Fenestration in the Fontan circulation as a strategy for chronic cardioprotection.
Heart. 2019 Mar 02;:
Authors: Saiki H, Kuwata S, Iwamoto Y, Ishido H, Taketazu M, Masutani S, Nishida T, Senzaki H
BACKGROUND: Fenestration in the Fontan circulation potentially liberates patients from factors leading to cardiovascular remodelling, through stable haemodynamics with attenuated venous congestion. We hypothesised that a fenestrated Fontan procedure would possess chronic haemodynamic advantages beyond the preload preservation.
METHODS: We enrolled 35 patients with fenestrated Fontan with a constructed pressure-volume relationship under dobutamine (DOB) infusion and/or transient fenestration occlusion (TFO). Despite the use of antiplatelets and anticoagulants, natural closure of fenestration was confirmed in 11 patients. Cardiovascular properties in patients with patent fenestration (P-F) were compared with those in patients with naturally closed fenestration (NC-F). To further delineate the roles of fenestration, paired analysis in patients with P-F was performed under DOB or rapid atrial pacing with/without TFO.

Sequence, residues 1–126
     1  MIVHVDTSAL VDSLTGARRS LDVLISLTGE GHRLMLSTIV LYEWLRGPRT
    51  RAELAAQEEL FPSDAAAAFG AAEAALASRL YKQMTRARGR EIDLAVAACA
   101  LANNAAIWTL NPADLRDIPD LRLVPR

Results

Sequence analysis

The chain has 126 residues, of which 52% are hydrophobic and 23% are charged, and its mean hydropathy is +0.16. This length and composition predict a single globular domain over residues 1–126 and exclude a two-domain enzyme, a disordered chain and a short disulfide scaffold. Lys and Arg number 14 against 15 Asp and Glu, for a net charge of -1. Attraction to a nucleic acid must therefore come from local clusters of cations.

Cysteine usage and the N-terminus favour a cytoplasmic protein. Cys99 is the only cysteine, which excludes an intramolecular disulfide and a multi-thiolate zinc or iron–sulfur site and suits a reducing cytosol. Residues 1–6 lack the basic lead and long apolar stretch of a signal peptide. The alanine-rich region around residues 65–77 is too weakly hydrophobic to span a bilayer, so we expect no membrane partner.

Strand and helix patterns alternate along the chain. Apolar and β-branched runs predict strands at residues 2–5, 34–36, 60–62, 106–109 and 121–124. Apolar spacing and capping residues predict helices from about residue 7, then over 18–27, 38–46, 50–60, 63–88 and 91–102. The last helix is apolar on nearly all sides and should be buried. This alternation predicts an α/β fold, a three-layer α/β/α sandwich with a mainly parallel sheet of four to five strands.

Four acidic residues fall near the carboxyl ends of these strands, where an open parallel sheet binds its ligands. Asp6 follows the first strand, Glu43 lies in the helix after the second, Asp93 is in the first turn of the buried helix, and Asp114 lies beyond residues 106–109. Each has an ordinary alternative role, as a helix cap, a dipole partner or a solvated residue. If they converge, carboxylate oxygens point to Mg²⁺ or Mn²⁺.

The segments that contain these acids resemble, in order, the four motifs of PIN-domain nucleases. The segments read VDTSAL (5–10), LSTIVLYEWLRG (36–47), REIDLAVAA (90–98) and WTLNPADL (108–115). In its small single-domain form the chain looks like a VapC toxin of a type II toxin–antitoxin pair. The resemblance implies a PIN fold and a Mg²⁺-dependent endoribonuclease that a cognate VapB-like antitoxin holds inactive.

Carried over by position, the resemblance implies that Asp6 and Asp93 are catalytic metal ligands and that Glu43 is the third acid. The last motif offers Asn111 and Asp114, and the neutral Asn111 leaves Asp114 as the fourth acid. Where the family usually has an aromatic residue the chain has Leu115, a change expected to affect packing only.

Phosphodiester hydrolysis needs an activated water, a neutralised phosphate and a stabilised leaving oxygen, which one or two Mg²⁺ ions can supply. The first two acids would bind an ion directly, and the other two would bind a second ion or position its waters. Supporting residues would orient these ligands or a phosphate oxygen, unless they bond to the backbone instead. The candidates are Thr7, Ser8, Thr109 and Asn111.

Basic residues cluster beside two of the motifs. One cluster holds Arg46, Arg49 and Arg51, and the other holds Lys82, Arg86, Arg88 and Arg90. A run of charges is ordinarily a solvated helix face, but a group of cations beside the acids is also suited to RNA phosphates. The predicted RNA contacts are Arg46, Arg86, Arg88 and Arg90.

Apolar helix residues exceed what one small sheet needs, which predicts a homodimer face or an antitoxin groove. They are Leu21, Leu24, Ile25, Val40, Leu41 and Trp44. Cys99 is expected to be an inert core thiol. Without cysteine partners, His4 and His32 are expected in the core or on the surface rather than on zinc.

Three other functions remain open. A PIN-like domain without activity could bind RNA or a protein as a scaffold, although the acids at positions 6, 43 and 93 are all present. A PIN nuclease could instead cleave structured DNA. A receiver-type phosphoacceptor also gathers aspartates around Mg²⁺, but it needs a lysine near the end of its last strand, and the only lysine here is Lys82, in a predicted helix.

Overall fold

RESULTS: As compared with P-F, patients with NC-F had a higher heart rate (HR), smaller ventricular end-diastolic area, better ejection fraction and higher central venous pressure, with higher pulmonary resistance. While this was similarly observed after DOB infusion, DOB markedly augmented diastolic and systolic ventricular stiffness in patients with NC-F compared with patients with P-F. As a mirror image of the relationship between patients with P-F and NC-F, TFO markedly reduced preload, suppressed cardiac output, and augmented afterload and diastolic stiffness. Importantly, rapid atrial pacing compromised these haemodynamic advantages of fenestration.
CONCLUSIONS: As compared with patients with NC-F, patients with P-F had robust haemodynamics with secured preload reserve, reduced afterload and a suppressed beta-adrenergic response, along with a lower HR at baseline, although these advantages had been overshadowed, or worsened, by an increased HR.
PMID: 30826770 [PubMed – as supplied by publisher]